Behind the Scenes @ MSU: crafting MSU's iconic lanterns

Pieces of unfinished copper lanterns on a workbench

V Kumar

April 2, 2024

On the first floor of the Infrastructure Planning and Facilities (IPF) building in the southern part of MSU’s bustling campus lies a hidden gem of craftsmanship: the Metal Shop. In this workshop, IPF metalworkers have been transforming sheets of copper into the iconic lanterns that grace the university's walkways.

The story of the refurbishment of these lanterns dates back to the late 1980’s, but for Metal Shop Supervisor Mike Ouderkirk, his contributions began with the 1999 Final Four NCAA basketball tournament, a pivotal event that led to significant campus transformations at MSU. In the wake of the celebrations and changes, the original campus lanterns were among the many fixtures removed. "After the campus renovations post-Final Four, they tore them all out and started bringing the lantern projects to our workshop," explains Mike Ouderkirk, IPF skilled trades supervisor.

Divided into three main areas–welding, sheet metal, and millwright–the Metal Shop team contributes its specialized skills to not only making lanterns, but also crafting HVAC ductwork, historic gutters, roof curbs, and any other custom metalwork on MSU’s East Lansing campus.

An old lantern decorative copper piece next to a new one and a photo of an existing lantern
Using the original lanterns as a template, IPF metalworkers are recreating the iconic look of these campus staples.

MSU’s commitment to excellence underscores IPF’s approach to facilities management as well. Years ago, as the original lanterns began to disappear due to vandalism, age, and deterioration, a concerted effort was made to preserve them, a result of the combined efforts of IPF and local vendors.

But perhaps the most ambitious objective of the IPF team is the quest for aesthetic coherence. Despite the diversity in current lanterns on campus, the vision is to eventually have all lanterns replicate this original design.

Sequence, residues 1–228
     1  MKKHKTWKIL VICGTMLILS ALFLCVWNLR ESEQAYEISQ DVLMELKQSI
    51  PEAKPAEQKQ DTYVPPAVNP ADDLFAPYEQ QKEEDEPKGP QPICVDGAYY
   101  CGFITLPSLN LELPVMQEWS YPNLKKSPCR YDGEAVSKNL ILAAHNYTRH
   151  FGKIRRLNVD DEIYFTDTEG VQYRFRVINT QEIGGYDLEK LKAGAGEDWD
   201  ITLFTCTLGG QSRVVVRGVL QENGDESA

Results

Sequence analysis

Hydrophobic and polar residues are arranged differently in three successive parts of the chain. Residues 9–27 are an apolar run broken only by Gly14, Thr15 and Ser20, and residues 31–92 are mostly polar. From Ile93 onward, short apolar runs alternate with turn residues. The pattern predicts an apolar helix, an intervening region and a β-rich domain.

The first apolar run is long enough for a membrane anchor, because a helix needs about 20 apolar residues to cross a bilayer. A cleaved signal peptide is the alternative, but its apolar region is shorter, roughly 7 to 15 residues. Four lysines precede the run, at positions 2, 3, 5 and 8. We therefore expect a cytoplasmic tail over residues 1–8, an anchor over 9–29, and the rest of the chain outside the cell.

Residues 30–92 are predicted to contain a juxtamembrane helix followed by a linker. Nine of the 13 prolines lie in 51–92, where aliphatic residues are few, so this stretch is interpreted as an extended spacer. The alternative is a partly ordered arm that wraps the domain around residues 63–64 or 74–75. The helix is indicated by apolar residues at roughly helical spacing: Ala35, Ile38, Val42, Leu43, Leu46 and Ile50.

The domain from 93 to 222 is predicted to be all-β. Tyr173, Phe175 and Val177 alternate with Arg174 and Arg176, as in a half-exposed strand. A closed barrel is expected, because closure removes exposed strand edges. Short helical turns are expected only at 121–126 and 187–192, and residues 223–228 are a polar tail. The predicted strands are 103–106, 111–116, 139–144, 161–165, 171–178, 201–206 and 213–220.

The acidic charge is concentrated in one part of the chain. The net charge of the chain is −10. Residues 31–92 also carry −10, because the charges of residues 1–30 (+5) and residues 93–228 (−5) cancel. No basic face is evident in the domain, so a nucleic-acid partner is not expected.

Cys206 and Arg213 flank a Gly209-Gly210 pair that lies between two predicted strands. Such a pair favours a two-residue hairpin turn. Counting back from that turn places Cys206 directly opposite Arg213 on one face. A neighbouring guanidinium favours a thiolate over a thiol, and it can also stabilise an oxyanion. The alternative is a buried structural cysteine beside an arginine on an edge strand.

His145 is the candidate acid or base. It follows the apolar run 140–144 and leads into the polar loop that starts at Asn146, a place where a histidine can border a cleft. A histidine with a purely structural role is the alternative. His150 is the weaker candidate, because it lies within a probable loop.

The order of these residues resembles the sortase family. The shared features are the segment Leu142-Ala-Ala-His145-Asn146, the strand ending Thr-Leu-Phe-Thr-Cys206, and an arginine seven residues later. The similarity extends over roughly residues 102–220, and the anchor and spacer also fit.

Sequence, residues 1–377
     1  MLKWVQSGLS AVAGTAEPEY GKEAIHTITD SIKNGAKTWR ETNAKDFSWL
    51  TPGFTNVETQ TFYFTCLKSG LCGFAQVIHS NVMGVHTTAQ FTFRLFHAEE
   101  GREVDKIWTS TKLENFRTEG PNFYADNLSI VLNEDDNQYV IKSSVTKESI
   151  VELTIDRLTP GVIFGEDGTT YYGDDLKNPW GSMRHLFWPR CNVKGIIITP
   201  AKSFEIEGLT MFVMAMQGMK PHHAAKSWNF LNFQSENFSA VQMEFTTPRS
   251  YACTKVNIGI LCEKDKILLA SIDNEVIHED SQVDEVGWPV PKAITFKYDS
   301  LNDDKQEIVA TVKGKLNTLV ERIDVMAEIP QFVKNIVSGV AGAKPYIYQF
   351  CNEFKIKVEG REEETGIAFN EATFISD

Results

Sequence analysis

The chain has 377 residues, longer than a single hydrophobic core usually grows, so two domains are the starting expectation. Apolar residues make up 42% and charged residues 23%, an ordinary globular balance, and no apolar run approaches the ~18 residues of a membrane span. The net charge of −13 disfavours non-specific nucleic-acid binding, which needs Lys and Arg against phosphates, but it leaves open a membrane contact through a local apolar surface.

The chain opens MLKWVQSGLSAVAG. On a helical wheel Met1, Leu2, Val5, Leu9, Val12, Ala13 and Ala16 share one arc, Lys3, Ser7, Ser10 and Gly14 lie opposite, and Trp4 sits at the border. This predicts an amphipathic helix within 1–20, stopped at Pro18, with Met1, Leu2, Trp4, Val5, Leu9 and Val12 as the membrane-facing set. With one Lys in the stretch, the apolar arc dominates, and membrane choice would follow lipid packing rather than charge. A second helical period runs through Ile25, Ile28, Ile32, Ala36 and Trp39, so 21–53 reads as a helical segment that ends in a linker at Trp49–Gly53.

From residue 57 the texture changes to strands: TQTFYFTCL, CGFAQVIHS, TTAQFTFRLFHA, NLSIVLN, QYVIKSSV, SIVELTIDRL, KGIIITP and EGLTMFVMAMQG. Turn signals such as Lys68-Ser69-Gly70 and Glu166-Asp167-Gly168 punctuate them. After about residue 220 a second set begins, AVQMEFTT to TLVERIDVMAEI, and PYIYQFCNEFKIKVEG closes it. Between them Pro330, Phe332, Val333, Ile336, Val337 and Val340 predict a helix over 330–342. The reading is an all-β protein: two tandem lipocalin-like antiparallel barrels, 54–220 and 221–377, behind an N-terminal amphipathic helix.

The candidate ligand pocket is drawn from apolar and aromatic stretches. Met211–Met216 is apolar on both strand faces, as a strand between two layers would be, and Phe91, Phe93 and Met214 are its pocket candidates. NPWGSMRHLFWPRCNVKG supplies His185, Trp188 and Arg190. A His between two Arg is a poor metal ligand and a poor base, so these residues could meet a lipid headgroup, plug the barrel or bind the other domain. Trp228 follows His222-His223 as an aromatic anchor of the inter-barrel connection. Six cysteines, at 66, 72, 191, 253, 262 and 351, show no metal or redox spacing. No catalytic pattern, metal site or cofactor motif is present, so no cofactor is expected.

Each lantern begins as a solid sheet of copper. The Metal Shop team measures the original lanterns, then programs the measurements into a computer which lays out the pieces to minimize waste, and cuts them out using a CNC machine. Each lantern is then assembled and welded together by hand.

An old copper lantern top next to a newly fashioned lamp

The trick is maintaining the classic look while embracing modern innovations to improve the functionality of the lanterns: for example, a small, hinged door for easy access to the light bulb, eliminating the need to remove the entire assembly to perform maintenance. The design team  also incorporated thicker, more durable copper construction, unbreakable plastic lens panels, and improved electrical maintenance features.

The bulbs within these lanterns have been upgraded to LED, significantly reducing energy consumption without sacrificing performance. This improvement builds on the sustainability gains from the campuswide exterior lighting update in 2022. Eight of the new lanterns will be installed on the newly reconstructed Farm Lane Bridge

Two metalworkers smile at the camera
Jason Murphy and Tony Morales, welders in IPF's Metal Shop.